Automobile Stops and Dog Sniff Searches

A favorite tool of the police in stopping and searching cars is a drug sniffing dog. Drug sniffing dogs are trained to detect certain narcotics (commonly methamphetamine, marijuana, cocaine, heroin, and ecstasy). It is not uncommon for a cop to stop a vehicle and then ask for permission to search the car if he believes there might be drugs inside. The propriety of stopping a vehicle and then seeking to search the car for a reason other than the justification of the stop is complicated and complex. The use of drug dogs is the topic of this post.

Stopped By the Police

Officers usually find a legitimate reason for stopping a vehicle, such as speeding, tail lights out, swerving, expired plates, no turn signal, or not signaling within 100 feet of a turn. But, once they have stopped the vehicle, they sometimes will then seek to search a vehicle for drugs. While some officers will suggest they can smell the odor of more than an ounce of marijuana (less than an ounce is a violation, not crime), this is a dubious assertion. However, police drug dogs are specially trained to detect the smell of drugs. An officer might, once having a car stopped, retrieve a drug dog to smell the vehicle to see if they get a “hit” or detect the scent of drugs. If the officer receives an indication of a hit from the drug dog, he likely will suggest he has probable cause to search the car and use an exception to the requirement to have a warrant (the “automobile exception”) and search the vehicle.

Probable Cause and the Courts

An issue that often arises in cases of automobile stops is whether there actually is probable cause to search and, if so, how it is determined and what standard must be met in reaching probable cause. The U.S. Supreme Court addressed probable cause and drug dogs in February 2013 in Florida v. Harris. In Harris, an officer had several interactions with the defendant, Mr. Harris, and in each instance used a drug dog. The first time the dog, Aldo, indicated a hit upon sniffing the car. This occurred after Mr. Harris refused to allow the officer to search his vehicle. Upon the hit, the officer asserted he had probable cause to search and discovered ingredients and tools used to make methamphetamines, but no drugs themselves. Later, the officer had another interaction with Mr. Harris and used the dog again to try to establish probable cause to search the vehicle. Once again, Aldo indicated a hit and the officer again searched the car, but this time found nothing. The Florida Supreme Court held, based partly upon the failure to find drugs as well as an insufficient showing of the dog’s qualifications, that no probable cause existed and suppressed evidence.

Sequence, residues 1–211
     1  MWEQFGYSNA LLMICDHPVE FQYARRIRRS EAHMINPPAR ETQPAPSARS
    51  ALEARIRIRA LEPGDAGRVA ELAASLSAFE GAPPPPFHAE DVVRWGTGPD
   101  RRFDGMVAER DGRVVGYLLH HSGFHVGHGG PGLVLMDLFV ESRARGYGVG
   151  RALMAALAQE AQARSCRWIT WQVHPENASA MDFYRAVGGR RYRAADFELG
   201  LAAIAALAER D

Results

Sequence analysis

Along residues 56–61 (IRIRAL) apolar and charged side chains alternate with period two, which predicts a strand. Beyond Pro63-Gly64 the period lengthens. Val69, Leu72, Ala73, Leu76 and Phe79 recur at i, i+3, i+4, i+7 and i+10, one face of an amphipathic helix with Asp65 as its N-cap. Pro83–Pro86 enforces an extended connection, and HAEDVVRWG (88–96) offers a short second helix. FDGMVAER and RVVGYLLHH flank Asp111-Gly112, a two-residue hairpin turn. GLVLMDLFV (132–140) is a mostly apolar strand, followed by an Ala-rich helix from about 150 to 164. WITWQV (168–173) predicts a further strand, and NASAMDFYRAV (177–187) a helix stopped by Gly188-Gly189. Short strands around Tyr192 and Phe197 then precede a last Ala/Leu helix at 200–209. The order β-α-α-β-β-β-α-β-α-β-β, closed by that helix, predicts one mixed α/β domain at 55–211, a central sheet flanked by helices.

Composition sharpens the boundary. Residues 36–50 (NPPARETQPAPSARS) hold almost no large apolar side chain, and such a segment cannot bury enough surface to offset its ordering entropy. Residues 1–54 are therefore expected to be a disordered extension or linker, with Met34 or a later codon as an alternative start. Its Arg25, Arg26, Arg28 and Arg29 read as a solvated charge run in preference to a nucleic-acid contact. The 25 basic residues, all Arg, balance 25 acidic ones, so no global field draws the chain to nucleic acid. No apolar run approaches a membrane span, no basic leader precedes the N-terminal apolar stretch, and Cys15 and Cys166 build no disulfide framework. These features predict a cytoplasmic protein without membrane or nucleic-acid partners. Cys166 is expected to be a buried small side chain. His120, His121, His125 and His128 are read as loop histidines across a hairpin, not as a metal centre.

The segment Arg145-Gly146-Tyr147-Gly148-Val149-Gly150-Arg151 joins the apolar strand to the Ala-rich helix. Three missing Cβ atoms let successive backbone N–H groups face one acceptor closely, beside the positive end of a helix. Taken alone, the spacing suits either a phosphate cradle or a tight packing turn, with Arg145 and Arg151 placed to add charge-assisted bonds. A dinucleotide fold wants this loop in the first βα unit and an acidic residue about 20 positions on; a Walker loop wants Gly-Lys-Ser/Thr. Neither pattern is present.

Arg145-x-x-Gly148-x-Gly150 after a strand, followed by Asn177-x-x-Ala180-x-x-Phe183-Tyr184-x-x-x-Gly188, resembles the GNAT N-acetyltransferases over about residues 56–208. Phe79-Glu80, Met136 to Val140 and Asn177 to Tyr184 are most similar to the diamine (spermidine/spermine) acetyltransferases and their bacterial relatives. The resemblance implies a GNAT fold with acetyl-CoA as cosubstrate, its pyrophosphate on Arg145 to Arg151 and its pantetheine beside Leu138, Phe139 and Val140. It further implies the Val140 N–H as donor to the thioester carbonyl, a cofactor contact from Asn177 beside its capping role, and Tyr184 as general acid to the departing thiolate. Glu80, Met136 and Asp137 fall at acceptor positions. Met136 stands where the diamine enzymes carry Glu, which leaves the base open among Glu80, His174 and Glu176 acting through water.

However, when the case reached the U.S. Supreme Court, the Court reversed the Florida Court and held enough evidence had been presented to establish the officer had probable cause to search the car. The Court recited it’s assertion that “a police officer has probable cause to conduct a search when ‘the facts available to [him] ‘warrant a [person] of reasonable caution in the belief that contraband or evidence of a crime is present.” In so doing, the Court stated a test for probable cause cannot be reduced to “precise definition or quantification.” The Court rejected a standard such as “proof beyond a reasonable doubt” or “by a preponderance of the evidence” in determining probable cause. Instead, the Court reasserted “in evaluating whether the State has met this practical and common-sensical standard, we have consistently looked to the totality of the circumstances.” Thus, the Court rejected “inflexible, independent requirements applicable in every case.”

The Court did not, however, suggest a drug dog “hitting” necessarily establishes probable cause. In determining whether probable cause existed to search in a suppression hearing, a judge hears arguments from both sides. Both the prosecutor and defense get to present evidence supporting their argument regarding probable cause. A prosecutor might provide evidence of a drug dog’s training or certification. A defendant also may contest the adequacy of such training or certification. The defendant also may examine how the dog and/or officer performed in the assessments made in controlled settings. A drug dog or cop’s experience in the field might be of assistance, although such evidence could prove to be misleading or irrelevant.

What courts are to look at when determining whether probable cause existed to search a vehicle is the totality of the circumstances (such as officer and drug dog training and certification and/or past experience and possibly other factors suggesting reliability or unreliability). The Court emphasized that the lack of a presence of drugs after a drug dog hit is not a factor to be considered in determining probable cause to search. As the Court stated, “we do no evaluate probable cause in hindsight, based on what a search does or does not turn up.”

Thus, much care needs to be taken in reviewing cases in which vehicles are searched based upon probable cause established through drug dog hits. There is no clear-cut answer or rule regarding what evidence or factors are necessary to establish sufficient facts for an officer to assert probable cause exists. Rather, it is imperative to thoroughly review all of the evidence, including, but not limited to, training, certification, and experience of officers and drug dogs when attacking a search involving probable cause established through drug dogs.

Rob Crow
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Licensed to practice law in all State & Federal Courts in Oregon.
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